In what should come as a surprise to no one, Warner Bros. has applied for a trademark in the UK for Harry Potter and the Cursed Child. Brian Conroy, an intellectual property solicitor from Ireland, broke the news yesterday.
Harry Potter and the Cursed Child is a two-part stage play that serves as the official continuation of J.K. Rowling’s novels. The play itself is written by Jack Thorne, but the new story comes from the minds of Rowling, Thorne, and John Tiffany (the play’s director). The play is now in previews in London’s West End, and will officially open on July 30 at London’s Palace Theatre.
From what I hear, previews for the play have gone quite well (aside from some mishaps with live owls, now replaced by fake owls). Fans who have seen the show have gushed about the new story, which shows us Harry, Ron, Hermione, and Draco Malfoy in their adulthood, and what happens when they send their children off to Hogwarts.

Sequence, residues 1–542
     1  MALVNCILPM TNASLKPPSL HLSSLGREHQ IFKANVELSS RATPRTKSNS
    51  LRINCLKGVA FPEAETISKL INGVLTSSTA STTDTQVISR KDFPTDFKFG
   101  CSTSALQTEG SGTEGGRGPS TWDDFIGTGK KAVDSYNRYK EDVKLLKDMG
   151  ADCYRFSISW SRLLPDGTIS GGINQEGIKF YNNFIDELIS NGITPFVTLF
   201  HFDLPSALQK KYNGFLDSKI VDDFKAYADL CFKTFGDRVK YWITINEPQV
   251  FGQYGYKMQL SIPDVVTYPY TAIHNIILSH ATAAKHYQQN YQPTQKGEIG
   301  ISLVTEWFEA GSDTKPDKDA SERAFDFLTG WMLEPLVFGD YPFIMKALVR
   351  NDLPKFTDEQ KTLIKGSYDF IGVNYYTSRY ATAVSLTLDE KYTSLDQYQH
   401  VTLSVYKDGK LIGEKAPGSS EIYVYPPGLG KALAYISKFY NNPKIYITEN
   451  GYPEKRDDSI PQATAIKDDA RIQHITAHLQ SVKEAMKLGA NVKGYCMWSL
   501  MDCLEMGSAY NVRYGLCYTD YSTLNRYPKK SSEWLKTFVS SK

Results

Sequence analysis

Now back to the trademark business — does it mean that WB wants to make Harry Potter and the Cursed Child into a movie? Well, yeah, probably. I can’t see why they wouldn’t. The franchise has been reinvigorated with new mythology and a rapidly expanding canon. Pottermore readers can get sorted into the houses of a whopping TWO wizarding schools (which reminds me — I need to get my Ilvermorny sorting done). WB is bringing a trilogy of new stories from the Wizarding World to movie screens with Fantastic Beasts. Why wouldn’t they bring a Cursed Child movie to fans, too?
So knowing what we know, it’s likely that we’ll get a movie, but how soon? Intellectual property solicitor Brian Conroy says that WB will have to start using that trademark within five years after completing registration, or the trademark may be revoked. So hey, even if you miss the play, no biggie — you’ll get to see it brought to life with a lot more CGI. Maybe they’ll throw in some real owls.
The official script of Harry Potter and the Cursed Child hits bookshelves on July 31. Fantastic Beasts and Where to Find Them arrives in theaters on November 18.